LOS ANGELES — R.J. Barrett, the Knicks’ 6-foot-6 teenage rookie, dribbled into the lane on Tuesday evening and confronted the Man Wall that is Lakers center Dwight Howard.
Barrett tossed up a high floater, and Howard rose higher still and swatted the ball as if slapping a housefly.
Barrett is 19 and not easily flustered, and he scampered over to the basketball, picked it up, squared to the basket and launched another attack at Mount Howard. This time, the aging and still massive and springy center fouled the rookie hard.
This was a not quite a lost Los Angeles sojourn for the Knicks, a team for whom the term Pyrrhic victory might have been coined. The Knicks played twice in Los Angeles, on Sunday against the Clippers and on Tuesday night against the Lakers.
These are the N.B.A.’s aristocrats. The Clippers possess Kawhi Leonard, who won the league championship last season with the Toronto Raptors, and his pacesetter, Paul George. The Lakers possess the lordly LeBron James and the munificently talented Anthony Davis, and they own the second-best record in the league.
That the Knicks, a team that pans for losses with the determination of a luckless miner, lost came as no surprise. We have entered the third decade of the 21st century, and the Knicks have recorded precisely four winning season records.
That said, this season of late has offered glimmerings of something less than despair.
The new coach, Mike Miller, a basketball lifer, has installed a new system with better spacing. An offense that once slogged up and down has quickened the pace. The Knicks Film School, a collection of perceptive hoop obsessives, has noted that the Knicks turn the ball over less, shoot more accurately and score more often. A few of the young players — Barrett; Mitchell Robinson, an Elongated Man leaper of a center; and Frank Ntilikina, the Rwandan-French guard with the praying mantis arms — have improved. And Julius Randle, a powerful young man freed of the disastrous conceit that he could play point forward and distribute the ball, has become a reliable scorer and rebounder.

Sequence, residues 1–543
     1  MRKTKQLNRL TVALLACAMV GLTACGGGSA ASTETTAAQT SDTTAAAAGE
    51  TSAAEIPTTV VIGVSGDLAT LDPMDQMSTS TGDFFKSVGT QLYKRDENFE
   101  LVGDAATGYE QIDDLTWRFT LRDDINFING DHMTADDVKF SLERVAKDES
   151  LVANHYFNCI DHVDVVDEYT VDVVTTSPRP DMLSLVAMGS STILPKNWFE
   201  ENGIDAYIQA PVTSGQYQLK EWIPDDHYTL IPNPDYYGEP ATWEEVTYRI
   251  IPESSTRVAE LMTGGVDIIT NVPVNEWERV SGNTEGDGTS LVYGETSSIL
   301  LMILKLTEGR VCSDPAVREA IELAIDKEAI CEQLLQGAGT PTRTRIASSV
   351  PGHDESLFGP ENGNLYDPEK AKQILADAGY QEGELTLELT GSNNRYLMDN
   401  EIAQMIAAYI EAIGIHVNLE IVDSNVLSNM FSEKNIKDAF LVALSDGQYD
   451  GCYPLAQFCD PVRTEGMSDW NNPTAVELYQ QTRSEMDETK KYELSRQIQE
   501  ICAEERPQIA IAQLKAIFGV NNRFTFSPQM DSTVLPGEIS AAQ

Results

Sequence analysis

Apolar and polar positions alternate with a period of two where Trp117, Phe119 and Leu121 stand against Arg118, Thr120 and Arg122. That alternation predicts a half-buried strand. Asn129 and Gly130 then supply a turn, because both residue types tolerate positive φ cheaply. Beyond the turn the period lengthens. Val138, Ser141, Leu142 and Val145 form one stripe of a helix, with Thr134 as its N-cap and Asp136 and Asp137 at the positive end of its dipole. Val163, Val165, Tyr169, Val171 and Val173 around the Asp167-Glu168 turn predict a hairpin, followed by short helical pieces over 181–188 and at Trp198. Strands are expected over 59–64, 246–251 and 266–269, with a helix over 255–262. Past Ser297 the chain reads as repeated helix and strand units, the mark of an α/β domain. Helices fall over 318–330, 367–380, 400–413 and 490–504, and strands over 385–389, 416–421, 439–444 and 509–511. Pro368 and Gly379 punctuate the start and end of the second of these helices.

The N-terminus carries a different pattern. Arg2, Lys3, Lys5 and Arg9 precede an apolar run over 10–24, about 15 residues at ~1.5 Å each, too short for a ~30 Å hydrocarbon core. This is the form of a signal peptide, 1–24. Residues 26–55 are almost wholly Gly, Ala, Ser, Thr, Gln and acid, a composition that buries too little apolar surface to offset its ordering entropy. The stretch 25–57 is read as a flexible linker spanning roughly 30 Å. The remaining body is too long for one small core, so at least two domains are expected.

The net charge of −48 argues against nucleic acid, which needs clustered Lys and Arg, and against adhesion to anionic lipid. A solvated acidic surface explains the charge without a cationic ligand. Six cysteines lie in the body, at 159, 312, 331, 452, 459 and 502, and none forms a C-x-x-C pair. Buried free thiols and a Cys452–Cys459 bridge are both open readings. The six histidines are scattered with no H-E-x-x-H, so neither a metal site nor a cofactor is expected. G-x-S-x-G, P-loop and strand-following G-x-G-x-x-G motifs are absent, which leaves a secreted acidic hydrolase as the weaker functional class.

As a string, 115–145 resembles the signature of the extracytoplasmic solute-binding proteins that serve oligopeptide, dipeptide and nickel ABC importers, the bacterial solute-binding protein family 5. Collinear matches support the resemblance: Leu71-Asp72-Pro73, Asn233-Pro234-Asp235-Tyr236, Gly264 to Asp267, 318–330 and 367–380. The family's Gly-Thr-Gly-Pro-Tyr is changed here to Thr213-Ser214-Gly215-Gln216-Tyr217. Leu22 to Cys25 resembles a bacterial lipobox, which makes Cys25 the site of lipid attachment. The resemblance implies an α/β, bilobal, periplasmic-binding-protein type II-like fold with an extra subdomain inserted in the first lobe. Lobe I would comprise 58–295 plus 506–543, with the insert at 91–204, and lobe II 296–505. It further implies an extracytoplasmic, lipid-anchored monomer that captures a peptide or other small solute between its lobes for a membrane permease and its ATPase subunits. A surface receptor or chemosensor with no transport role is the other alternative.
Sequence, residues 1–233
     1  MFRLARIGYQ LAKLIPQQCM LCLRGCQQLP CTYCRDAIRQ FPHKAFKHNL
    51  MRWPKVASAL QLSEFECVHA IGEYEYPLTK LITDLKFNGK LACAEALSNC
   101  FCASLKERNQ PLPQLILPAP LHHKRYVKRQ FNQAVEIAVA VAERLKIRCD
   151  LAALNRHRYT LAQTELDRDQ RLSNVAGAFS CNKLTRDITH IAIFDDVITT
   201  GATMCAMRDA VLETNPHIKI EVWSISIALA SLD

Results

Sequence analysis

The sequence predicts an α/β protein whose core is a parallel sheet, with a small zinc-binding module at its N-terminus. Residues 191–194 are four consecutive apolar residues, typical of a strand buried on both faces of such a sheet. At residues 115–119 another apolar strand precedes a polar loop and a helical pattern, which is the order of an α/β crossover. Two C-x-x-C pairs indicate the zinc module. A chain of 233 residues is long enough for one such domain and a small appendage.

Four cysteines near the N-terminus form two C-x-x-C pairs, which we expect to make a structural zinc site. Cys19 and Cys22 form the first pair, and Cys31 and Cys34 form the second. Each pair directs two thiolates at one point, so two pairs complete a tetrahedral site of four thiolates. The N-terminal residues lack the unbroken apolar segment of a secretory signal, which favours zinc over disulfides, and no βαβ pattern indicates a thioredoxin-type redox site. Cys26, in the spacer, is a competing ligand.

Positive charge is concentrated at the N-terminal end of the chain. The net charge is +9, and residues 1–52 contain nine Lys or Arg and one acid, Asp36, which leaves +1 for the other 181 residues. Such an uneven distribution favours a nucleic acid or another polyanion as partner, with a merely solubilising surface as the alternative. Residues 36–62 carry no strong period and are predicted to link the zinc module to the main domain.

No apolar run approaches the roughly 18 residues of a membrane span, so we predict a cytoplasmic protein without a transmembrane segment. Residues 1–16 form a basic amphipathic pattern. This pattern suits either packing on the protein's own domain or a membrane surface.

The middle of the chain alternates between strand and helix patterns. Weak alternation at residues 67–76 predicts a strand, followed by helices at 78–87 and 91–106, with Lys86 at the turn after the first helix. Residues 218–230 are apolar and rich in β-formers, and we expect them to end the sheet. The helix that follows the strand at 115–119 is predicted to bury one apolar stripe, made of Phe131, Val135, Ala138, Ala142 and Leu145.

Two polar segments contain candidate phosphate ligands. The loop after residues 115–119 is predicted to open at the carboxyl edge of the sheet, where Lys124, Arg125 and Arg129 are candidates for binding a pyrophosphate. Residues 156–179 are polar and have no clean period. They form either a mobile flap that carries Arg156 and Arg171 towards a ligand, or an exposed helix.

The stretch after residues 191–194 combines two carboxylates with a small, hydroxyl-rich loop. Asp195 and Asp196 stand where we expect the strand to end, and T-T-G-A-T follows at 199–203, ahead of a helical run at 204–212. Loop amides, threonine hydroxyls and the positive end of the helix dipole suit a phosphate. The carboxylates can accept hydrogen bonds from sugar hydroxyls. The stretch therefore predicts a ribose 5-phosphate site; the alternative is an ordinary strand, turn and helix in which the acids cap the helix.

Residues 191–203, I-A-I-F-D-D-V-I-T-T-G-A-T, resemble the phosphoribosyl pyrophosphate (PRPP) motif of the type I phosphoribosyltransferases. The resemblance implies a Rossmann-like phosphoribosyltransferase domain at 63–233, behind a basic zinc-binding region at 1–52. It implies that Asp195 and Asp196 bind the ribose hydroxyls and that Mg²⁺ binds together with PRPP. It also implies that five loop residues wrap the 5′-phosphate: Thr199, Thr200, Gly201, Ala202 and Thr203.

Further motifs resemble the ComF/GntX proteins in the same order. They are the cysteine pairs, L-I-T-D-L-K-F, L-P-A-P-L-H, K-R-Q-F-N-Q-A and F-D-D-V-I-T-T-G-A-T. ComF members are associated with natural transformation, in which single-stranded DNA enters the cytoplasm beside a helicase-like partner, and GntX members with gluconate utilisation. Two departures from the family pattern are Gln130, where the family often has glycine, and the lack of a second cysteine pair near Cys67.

This said, it is best not to take too seriously the palaver of opposing coaches. The Lakers’ coach, Frank Vogel, 46, talked before the game of the Knicks as a “deceptive” 10-26 team. I thought to myself: Righto. Had a few things broken right, this team might have been 12-22.
Vogel noted that the Knicks have “no marquee superstars.” He might have added that the Knicks also lack non-marquee superstars, and stars too. They have some young players who with proper diets and work habits could become fine N.B.A. players in a year, or two, or three.
I can dimly recall the Knicks’ championship teams of 1970 and 1973. And I enjoyed the Patrick Ewing era. My sons, Aidan and Nick, who are ardent fans, have few such memories. Sustained mediocrity with a promise of somewhat better looms as a land of delights.